Delaware Gov. John Carney this year completed a historic reshuffling of the Chancery and Supreme courts, putting his mark on a years-long effort to reshape the judiciary that started under his predecessor.
Carney’s appointment of Morgan T. Zurn and Kathaleen S. McCormick to serve on the Court of Chancery filled two newly created positions on the nation’s pre-eminent business court and expanded the bench for the first time from five to seven judges.
The move represented a significant change in the composition of the 226-year-old institution, with a total of three women now serving alongside five men. But the appointments were also Carney’s first chance to put his own stamp on perhaps the most prominent part of Delaware’s judiciary.
Unlike Gov. Jack Markell before him, Carney has had little need to fill vacancies on the bench. In just over two years, Markell oversaw a drastic changeover in court personnel, appointing or reappointing more than 70 percent of the state’s judges and the entirety of the Chancery and Supreme courts.
In 2014, he named Chief Justice Leo E. Strine Jr. to lead the Supreme Court and take over the role of Myron T. Steele, who retired from the high court in 2013, and he picked Justice Karen L. Valihura to replace outgoing Justice Jack B. Jacobs in the summer of 2014.
Then came the announcement that Markell had chosen Justice James T. Vaughn Jr. to take the seat formerly held by Justice Carolyn Berger. Finally, he nominated Justice Collins J. Seitz Jr. to the bench in early 2015.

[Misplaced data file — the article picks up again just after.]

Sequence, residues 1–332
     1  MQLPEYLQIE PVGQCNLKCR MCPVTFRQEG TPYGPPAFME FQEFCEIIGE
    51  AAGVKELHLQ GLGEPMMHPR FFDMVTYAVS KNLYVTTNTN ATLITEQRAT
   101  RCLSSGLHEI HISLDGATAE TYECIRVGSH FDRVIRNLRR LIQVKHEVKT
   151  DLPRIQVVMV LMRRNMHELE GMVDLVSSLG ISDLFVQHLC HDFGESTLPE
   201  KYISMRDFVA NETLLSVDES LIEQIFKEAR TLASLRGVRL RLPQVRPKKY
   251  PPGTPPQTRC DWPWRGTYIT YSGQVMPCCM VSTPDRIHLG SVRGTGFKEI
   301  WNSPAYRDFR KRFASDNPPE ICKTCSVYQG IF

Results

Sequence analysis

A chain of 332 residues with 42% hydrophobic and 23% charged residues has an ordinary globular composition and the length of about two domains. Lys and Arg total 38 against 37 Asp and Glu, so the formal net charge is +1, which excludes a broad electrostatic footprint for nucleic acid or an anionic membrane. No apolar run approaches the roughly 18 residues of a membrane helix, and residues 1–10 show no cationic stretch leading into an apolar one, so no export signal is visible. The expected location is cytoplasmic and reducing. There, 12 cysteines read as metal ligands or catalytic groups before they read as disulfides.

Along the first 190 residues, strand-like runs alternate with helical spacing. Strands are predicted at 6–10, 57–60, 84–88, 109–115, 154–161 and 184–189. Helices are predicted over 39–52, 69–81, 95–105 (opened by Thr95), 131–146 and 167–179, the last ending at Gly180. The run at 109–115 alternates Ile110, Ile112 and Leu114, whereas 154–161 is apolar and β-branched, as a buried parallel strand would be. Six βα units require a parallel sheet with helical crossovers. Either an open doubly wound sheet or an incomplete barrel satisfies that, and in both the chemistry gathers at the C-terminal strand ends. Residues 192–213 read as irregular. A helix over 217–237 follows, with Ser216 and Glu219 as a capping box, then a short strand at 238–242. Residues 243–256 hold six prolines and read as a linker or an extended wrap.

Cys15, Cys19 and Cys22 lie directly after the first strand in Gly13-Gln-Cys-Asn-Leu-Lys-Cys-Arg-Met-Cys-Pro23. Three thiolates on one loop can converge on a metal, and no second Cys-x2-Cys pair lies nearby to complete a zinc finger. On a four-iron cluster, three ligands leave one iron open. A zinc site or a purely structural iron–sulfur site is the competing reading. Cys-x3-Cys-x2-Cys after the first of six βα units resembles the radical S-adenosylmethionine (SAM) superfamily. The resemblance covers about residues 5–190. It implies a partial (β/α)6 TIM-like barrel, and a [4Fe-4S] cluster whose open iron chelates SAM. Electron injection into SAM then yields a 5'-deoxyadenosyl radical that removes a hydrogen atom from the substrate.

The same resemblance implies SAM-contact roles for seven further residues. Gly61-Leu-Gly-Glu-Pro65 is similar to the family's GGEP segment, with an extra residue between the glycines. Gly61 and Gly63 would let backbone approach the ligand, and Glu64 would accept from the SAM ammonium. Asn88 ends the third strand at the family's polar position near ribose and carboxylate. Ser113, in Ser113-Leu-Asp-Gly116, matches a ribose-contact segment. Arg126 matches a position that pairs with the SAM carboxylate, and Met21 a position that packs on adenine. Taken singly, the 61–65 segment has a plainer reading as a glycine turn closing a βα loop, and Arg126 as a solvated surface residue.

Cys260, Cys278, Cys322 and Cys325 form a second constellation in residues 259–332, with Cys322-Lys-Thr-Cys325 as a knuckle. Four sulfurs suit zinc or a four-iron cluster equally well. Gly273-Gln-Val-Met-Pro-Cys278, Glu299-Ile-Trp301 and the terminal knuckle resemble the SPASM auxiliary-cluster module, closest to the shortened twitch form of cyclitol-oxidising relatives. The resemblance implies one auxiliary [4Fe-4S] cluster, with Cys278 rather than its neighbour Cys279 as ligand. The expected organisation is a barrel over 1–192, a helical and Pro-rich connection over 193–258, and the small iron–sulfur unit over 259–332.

In the Chancery Court, he named Andre G. Bouchard chancellor in 2014 and appointed Tamika Montgomery-Reeves as only the second woman and the first African-American to serve on the Court of Chancery.
When Carney took office in January 2017, it appeared that the time for nominations was coming to an end. However, with the retirement of Randy J. Holland, Delaware’s longest serving Supreme Court justice, in 2017, Carney appointed Justice Gary F. Traynor to fill out the high court’s bench.
In 2018, lawmakers approved Strine’s budget request to fund two new judgeships on the Chancery Court, paving the way for the nominations of Zurn, a former master in Chancery, and McCormick, a former corporate litigator with Young Conaway Stargatt & Taylor to serve in Wilmington.
The moves came as Delaware appears to be shifting away from the traditional principles of maintaining geographical and political-party balance on the Chancery Court bench.
Though not required by Delaware law, governors have been careful to ensure that each of the state’s three counties is represented on the Chancery Court. Vice Chancellors Joseph R. Slights III and Sam Glasscock III represent Kent and Sussex counties, respectively; however, most of the court’s work is conducted in Wilmington, the state’s biggest city, where five judges are now expected to reside.
A federal judge earlier this year struck down a provision of the Delaware constitution requiring party balance on the court, a decision which is now on appeal before the Third Circuit.
Legal observers in recent years have questioned the rationale for maintaining party balance, and corporate law professor Lawrence Hamermesh said it may be time to retire the tradition altogether.
“If that’s a ship that’s sailing off into the sunset, I don’t have any complaints about the ride, but I’m not sorry to see it go,” Hamermesh told Delaware Law Weekly in October.